Kids Corner


A Love Story:
Parminder Singh Sodhi
& Punjabi Haiku





It is a love story that started in the corridors of Punjab University, but blossomed 5,000 km away in Tokyo, Japan.

For litterateur Parminder Singh Sodhi, who has made the Japanese poetry genre of Haiku famous in the literary circles of Punjab, it was his love for his wife that made him pack his bags and shift from Chandigarh to Tokyo in 1986, and his love for literature that made him learn the Japanese alphabet, Hiranga, and translate Haiku poetry into Punjabi.

"You can say that I lost my career for love," Parminder says in a lighter vein, when you ask him why he took to Japanese. "We met at Punjab University in 1986. She had come as part of a study group and I fell for her. I wanted her to stay back, but she couldn't, so I followed her to Japan."

Learning a difficult language like Japanese, Parminder admits, was quite a challenge.

"I felt like my speech and hearing had been impaired during the first six months," says the author who now owns three restaurants in Tokyo and is settled there with his family. "I learnt the basics in the first year, so that I could at least survive and work. It took me three to four years to develop a good command over the language, read it and translate it."

Parminder's first work in translation was a book on Japanese short stories. In what perhaps reflects the simplicity of this author's heart and mind, the book was given the title 'Aadhunik Japaani Kahaniyaan'.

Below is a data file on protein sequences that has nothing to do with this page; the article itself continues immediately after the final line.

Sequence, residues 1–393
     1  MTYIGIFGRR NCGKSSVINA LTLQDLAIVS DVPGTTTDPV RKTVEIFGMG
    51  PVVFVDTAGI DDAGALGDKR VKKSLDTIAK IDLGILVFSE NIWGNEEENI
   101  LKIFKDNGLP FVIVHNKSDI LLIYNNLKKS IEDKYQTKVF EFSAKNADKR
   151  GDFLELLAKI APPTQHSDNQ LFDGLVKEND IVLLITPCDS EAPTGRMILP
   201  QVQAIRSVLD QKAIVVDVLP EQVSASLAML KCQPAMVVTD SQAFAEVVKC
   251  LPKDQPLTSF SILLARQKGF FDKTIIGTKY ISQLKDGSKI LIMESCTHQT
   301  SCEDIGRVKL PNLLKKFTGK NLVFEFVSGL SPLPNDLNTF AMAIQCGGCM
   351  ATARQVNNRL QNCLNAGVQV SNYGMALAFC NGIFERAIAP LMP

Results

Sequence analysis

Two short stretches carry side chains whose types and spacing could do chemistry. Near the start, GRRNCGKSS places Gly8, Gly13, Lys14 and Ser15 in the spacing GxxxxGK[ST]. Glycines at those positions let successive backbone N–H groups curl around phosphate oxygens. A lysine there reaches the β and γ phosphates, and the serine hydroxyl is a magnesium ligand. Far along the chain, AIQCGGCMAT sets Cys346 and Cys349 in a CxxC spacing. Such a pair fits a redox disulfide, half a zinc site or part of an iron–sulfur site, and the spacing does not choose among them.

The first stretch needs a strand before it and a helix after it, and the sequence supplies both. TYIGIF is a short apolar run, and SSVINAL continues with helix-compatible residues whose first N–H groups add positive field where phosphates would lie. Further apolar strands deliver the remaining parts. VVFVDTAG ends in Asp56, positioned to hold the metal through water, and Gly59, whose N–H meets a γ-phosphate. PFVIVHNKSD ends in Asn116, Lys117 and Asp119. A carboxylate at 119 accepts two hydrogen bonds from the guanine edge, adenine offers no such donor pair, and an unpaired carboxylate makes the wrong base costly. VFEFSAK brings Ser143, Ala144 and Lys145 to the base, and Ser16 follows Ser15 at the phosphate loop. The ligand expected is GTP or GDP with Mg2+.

From there on, Parminder continued to write, but the real break came in 2001. That is when the iconic Punjabi poet Amrita Pritam reviewed his 'Japaani Haiku Shaairi', his translation of Haiku poetry that was published in 2001.

"She loved it and recommended it to others. This generated interest in my book, and people loved it," he says.

Asked if Punjabi is able to reach a wide audience, Parminder answers in the affirmative: "From Canada to India, there are Punjabis all over the world. People do read these books."

Another thing that drew him towards Haiku is the length of conventional Punjabi literature.

"The practice has been to lengthen a literary work unnecessarily. My Haiku translations are a break from that tradition. Unlike our conventional forms of storytelling and poetry, Haiku is crisp and sweet," he says.

Next, Parminder is planning to translate a few Buddhist folk stories from Japan. "These Buddhist stories had travelled by word of mouth from India to China to Korea to Japan," he says.

Asked if his children can speak Punjabi, Parminder replies in the negative, but adds: "They do understand a bit of it. As I told you, you need to understand a culture to learn a language."

[Courtesy: Times of India. Edited for]
April 8, 2015

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Parminder Singh Sodhi
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